CAUTIONARY NOTE ON TEACHER EVALUATIONS AND PERFORMANCE RELATED PAY
International evidence mixed and there are practical challenges
The School Teachers’ Review Body (STRB), which makes recommendations to Government on teachers’ pay reforms, is calling for greater freedom for schools to set teachers’ pay.In its report published last week it recommends a simpler, more flexible national pay framework for teachers. Taking on board international evidence and views from Government, employers, and teacher and head teacher unions, it proposes:
ending pay increases based on length of service – currently virtually all full time classroom teachers on the main pay scale automatically progress to the next pay point;
linking all teachers’ pay progression to performance, based on annual appraisals – already the case for some teachers who are on a higher pay scale;
abolishing mandatory pay points within the pay scales for classroom teachers to give schools greater freedom on how much teachers are paid. They would remain in place for reference only in the main pay scale to guide career expectations for new teachers entering the profession; and
retaining the higher pay bands for London and fringe areas.
Linking all teachers pay progression to performance is, of course, easier said than done. Evaluating Teacher performance is central to education reforms in the United States. There, they are way ahead of us in seeking to evaluate, fairly, teachers performance. At least 30 states have launched new systems to evaluate teachers using more rigorous criteria about what makes a good teacher, and you would have thought that there was by now considerable consensus on what the criteria should be. But there isn’t. Teacher evaluations have become highly controversial as states introduce a variety of models. There is little consensus on how you reliably measure added-value. Can the quality of a teacher be measured by looking at just a few key skills, such as setting academic goals and running an effective class discussion? Should teacher performance be based simply on test results? (there have been a number of scandals in the States over manipulating test scores) And if so what about areas of a childs education which are not ,or cant be, tested, related, for example, to non-cognitive skills? Or should teachers be evaluated based on a broader range of abilities, including lesson-planning and content knowledge? If it was accepted that one model of measuring value added did so with a considerable degree of accuracy over time and was absolutely fair and not subject to random results then the task would be pretty straightforward. But that is not how things stand. There can be random differences across classrooms in unmeasured factors related to test scores, such as pupils abilities, background factors, and other pupil -level influences and, secondly, what has been described as ‘ idiosyncratic’ unmeasured factors that affect all students in specific classrooms, such as a barking dog on the test day, or a particularly disruptive student in the class on the day. Existing research has consistently found that teacher- and school-level averages of student test score gains can be unstable over time. Studies in the States have found only moderate year-to-year correlations—ranging from 0.2 to 0.6—in the value-added estimates of individual teachers (McCaffrey et al. 2009; Goldhaber and Hansen 2008) or small to medium-sized school grade-level teams (Kane and Staiger 2002b). As a result, there are significant annual changes in teacher rankings based on value-added estimates.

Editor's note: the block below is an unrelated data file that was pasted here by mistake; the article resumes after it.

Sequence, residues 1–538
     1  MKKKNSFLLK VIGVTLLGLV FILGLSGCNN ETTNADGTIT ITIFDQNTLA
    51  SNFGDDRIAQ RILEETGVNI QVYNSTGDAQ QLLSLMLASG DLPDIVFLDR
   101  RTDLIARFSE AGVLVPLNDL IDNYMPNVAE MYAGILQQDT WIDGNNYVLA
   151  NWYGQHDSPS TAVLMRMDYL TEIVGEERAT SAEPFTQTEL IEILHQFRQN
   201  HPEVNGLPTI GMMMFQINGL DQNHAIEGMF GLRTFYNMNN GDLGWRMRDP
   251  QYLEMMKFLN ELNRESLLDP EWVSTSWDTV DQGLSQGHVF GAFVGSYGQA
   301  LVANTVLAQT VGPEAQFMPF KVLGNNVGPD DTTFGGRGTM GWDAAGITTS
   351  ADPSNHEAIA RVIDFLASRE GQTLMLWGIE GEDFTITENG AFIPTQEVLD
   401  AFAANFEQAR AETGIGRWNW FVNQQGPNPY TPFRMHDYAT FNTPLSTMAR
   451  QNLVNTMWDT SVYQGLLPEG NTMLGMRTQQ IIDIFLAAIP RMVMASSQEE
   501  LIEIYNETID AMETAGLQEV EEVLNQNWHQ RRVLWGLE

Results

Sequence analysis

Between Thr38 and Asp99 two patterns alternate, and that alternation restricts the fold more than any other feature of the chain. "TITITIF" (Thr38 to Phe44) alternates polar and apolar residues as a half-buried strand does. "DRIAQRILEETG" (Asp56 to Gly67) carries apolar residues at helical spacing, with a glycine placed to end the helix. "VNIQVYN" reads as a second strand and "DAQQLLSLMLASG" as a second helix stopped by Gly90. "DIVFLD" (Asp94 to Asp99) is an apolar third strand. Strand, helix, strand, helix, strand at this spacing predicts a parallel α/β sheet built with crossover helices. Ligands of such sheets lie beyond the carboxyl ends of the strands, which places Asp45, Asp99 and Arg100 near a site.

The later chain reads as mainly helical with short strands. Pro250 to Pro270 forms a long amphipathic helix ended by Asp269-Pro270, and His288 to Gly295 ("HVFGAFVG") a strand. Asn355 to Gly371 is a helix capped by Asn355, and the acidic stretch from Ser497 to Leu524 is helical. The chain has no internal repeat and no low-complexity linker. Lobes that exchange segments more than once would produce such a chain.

A report for the US Department of Education ‘ Error Rates in Measuring Teacher and School Performance Based on Student Test Score Gains’ (July 2011) found that there is ‘evidence that value-added estimates for teacher-level analyses are subject to a considerable degree of random error when based on the amount of data that are typically used in practice for estimation.’ It also said, and this is crucial, that evidence suggests ‘that more than 90 percent of the variation in student gain scores is due to the variation in student-level factors that are not under control of the teacher’